May 21, 2012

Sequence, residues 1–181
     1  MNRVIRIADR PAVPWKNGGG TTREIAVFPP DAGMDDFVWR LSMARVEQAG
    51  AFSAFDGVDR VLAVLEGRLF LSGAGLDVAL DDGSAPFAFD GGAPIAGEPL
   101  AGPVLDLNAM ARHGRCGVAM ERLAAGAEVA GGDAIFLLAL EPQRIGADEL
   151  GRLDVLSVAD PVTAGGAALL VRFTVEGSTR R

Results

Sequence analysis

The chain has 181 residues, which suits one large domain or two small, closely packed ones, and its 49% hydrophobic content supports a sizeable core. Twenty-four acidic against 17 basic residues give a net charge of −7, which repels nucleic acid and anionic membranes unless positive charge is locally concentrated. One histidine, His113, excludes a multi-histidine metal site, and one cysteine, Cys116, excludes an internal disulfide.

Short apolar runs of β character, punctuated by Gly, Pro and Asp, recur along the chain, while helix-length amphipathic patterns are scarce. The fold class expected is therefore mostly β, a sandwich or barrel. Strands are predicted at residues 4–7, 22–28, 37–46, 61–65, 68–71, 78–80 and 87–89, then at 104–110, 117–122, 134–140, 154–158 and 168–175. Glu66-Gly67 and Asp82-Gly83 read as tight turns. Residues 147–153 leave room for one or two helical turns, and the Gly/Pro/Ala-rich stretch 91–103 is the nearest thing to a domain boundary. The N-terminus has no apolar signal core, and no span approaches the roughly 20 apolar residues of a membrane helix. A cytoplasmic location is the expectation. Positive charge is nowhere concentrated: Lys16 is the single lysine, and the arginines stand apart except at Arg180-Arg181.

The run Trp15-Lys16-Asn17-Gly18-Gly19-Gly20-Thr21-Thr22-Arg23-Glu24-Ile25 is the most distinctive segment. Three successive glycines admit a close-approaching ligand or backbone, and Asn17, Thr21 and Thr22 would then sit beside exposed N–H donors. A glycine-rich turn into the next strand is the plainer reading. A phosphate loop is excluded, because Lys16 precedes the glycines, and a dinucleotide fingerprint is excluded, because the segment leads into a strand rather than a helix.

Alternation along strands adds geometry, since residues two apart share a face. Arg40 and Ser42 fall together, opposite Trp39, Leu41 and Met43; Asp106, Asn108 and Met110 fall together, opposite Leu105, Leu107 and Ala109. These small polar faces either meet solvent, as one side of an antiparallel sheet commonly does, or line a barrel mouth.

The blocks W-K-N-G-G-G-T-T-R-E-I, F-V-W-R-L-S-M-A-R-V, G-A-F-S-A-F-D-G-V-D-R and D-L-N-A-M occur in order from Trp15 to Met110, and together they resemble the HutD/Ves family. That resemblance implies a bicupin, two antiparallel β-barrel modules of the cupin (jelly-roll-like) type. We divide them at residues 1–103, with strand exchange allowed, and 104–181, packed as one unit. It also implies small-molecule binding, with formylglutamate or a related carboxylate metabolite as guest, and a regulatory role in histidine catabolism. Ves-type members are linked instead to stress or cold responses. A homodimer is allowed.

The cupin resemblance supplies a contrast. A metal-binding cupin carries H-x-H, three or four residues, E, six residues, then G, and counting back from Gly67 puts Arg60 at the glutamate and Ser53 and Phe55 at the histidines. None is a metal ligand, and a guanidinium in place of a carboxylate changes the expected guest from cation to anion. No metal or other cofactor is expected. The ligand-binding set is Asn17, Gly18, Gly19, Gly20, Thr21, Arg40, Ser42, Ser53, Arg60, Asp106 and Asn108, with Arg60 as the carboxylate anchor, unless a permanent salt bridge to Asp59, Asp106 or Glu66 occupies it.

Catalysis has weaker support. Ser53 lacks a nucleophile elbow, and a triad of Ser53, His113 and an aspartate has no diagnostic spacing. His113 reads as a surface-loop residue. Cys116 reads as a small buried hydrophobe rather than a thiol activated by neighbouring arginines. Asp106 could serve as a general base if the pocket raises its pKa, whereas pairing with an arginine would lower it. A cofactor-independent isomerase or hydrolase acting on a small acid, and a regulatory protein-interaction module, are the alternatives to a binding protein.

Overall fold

I first became conscious of the devalued and often derided Italian auteur Alberto Cavallone (1938-1997) after researching cinematic adaptations of Comte de Lautréamont six cantos poetic novel Les Chants de Maldoror (The Songs of Maldoror). Although dismayed upon learning that Cavallone’s Maldoror (1975) was never ever actually released due to petty monetary reasons (even though the blessed few who have actually seen the film regard it as the filmmaker's celluloid opus magnum), I was at least introduced to the seemingly lunatic libertine filmmaker’s consistently controversial yet cinematically diverse filmography that includes everything from esoteric hardcore pornography (Baby Sitter aka Il nano erotico) to less-than-action-packed-post-colonial-homoerotic-race-mixing-adventure flicks (Afrika) to kaleidoscopic Bataille-esque avant-garde surrealist works (Man, Woman And Beast aka L'uomo la donna e la bestia aka Spell). Recently, I had the extraordinarily effete aristocratic pleasure of watching Cavallone’s Blue Movie (1978); a lurid scatological celluloid phantasm that the filmmaker made during a turning point in his career before gaining the distinction of being one of Italy’s most enigmatic hermetic hardcore pornographers. Borrowing its name from Andy Warhol's amateurish sex flick of the same name (Cavallone would do the same with his later Cocteau-esque surrealist sleaze flick Blow Job), Blue Movie was created in a similar perfunctory fashion as many of the earlier films directed by the famous American homo hack artiste. Apparently assembled on a whim inspired by a bet made by producer Martial Boschero, Blue Movie – a work that foretells the Dogme 95 movement – was made in a lackadaisical Roger Corman-style manner (production lasted a week) on a nonexistent budget with mostly non-actors, yet the film is very possibly Cavallone’s most unscrupulous and discombobulated work. Despite featuring scenes of hardcore pornography (which were subsequently cut at the behest of the Italian Board of Censors), a decidedly incoherent plot, a depraved 'anti-hero' with a fecal fetish, and exceedingly somber themes of staggering hyper-nihilism, Blue Movie would go on to become a box-office hit of sorts in Italy. After watching Blue Movie a couple times, I find it quite unimaginable that such a debauched film featuring naked Italian beauties eating shit would prove to be palatable for public consumption, but I can't say I don't like the idea of such a ruthless eremitic work obtaining semi-mainstream notoriety. In short, Blue Movie proved to be a work that lives up to its underground cult cinema infamy.